By directly referencing Michael Hastings' car problems with a dismissive attitude using phrases like "Too bad … so sad," Flynn's initial tweet might be seen as a warning or a cautionary message to others, such as journalists who might be investigating sensitive topics or influential figures, especially within this specific context of harassing replies to independent investigators with whom he has a publicly adversarial relationship.
A potential implication could be those who delve too deeply into certain subjects could face similar consequences.
While Tweets can be notoriously challenging to interpret due to their brevity, the provocative nature of these tweets and the potential implications discussed earlier can certainly contribute to a sense of unease or perceived threat, particularly for those in the field of investigative journalism who all too often face threats to their lives when reporting on power and influence. Speculation over whether Flynn's tweets were intended as veiled threats or sarcastic remarks has only added to the intrigue surrounding Hastings' tragic passing.
Michael Hastings' life and work stand as a testament to the power of fearless journalism in holding the powerful accountable.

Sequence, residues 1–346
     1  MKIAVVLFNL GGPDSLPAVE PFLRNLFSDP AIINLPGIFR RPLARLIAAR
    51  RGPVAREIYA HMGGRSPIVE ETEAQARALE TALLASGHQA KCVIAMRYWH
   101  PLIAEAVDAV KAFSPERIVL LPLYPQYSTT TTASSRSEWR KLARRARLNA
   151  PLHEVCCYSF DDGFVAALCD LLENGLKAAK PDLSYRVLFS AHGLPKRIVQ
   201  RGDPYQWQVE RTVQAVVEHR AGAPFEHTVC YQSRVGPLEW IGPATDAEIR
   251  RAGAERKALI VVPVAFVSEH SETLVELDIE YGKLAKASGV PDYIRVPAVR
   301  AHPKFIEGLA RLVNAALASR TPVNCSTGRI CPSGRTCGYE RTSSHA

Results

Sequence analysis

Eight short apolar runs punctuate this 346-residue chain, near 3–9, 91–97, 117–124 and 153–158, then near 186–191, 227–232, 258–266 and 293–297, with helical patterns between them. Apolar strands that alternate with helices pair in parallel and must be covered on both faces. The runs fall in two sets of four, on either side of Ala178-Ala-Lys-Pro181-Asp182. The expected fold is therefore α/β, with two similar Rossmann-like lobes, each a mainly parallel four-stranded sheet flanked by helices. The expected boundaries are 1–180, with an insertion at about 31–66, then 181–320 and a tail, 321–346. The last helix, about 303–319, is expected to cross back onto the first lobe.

As for his widow Elise Jordan, who is happily remarried (LEAVE HER THE FUCK ALONE); she had this specific statement to tweet several years after her husband's death:
This is a very good clue. In fact, when I dug into Hastings' book The Operators—the one that got Stan McChrystal fired—I also found the following helpful excerpt about McChrystal, the Flynns, and their entourage.
"C." was described earlier in the chapter as a member of the SAS.
“Whenever I’d been reporting around groups of dudes whose job it was to kill people, one of them would usually mention that they were going to kill me.”
Dear Reader, I published this article before it was fully ready and worked on it in public, allowing some of the subjects of this article to review my work before a formal announcement.
As of this writing, March 30, 2023 at 2:27 AM ET, Joseph Flynn just deleted every single tweet from his Twitter account.
Joe Biggs has been indicted, not convicted, for his role in the January 6th Insurrection. I have amended the text to reflect this and apologize for the error.